If a patient were to ask you not to reveal their private information to anyone at all do they have that right under the HIPAA laws?
HIPAA privacy regulations have always given individuals the right to request restrictions on how health care providers use or disclose their information, but until recently, health care providers have always had the discretionary power to say “no” to these requests if they felt it would impair their ability to properly treat their patient or to get paid by the insurance companies.
However the HITECH amendments recently proposed to supplement the HIPAA laws change that, to a certain degree at least.
Now, when a patient is paying for their own treatment out of their own pocket, or another private individual is footing the bill and they request that you share none of their information you must comply with their wishes.
The patient will also have the right to make their request on a visit by visit basis. For instance if you (or the medical practitioner you work for) regularly sees a patient for a certain complaint that is covered by his or her insurance but then opts to pay out pocket for a non-covered treatment they have the right to request that you share none of the details of the treatment they paid for themselves with anyone, including their health insurance company.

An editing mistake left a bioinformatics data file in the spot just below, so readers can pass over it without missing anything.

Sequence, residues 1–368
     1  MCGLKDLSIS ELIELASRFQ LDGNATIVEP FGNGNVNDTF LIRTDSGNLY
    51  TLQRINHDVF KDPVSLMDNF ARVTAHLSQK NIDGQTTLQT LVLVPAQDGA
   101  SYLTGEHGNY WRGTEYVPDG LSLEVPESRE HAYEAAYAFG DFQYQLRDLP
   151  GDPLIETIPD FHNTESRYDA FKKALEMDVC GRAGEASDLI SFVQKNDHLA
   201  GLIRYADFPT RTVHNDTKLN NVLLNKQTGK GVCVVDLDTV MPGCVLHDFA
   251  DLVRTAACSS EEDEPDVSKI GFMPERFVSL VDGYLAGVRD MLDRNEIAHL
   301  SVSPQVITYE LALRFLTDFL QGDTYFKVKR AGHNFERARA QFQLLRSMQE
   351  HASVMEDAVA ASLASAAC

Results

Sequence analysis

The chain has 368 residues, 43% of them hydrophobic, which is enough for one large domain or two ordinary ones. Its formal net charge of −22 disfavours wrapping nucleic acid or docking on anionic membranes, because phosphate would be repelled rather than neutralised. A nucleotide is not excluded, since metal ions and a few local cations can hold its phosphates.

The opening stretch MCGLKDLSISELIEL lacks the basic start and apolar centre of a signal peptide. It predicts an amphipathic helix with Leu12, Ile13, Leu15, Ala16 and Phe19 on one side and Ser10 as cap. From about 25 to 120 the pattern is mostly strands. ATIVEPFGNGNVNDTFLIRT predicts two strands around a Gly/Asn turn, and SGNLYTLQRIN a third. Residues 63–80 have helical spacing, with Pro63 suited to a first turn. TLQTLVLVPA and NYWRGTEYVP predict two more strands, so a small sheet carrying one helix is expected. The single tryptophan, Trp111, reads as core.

More headaches? Maybe. Tracking which patient procedures can be shared and which cannot may prove cumbersome. But the extra effort will be worth it in the long run to ensure your diligent efforts to remain HIPAA complaint are not derailed.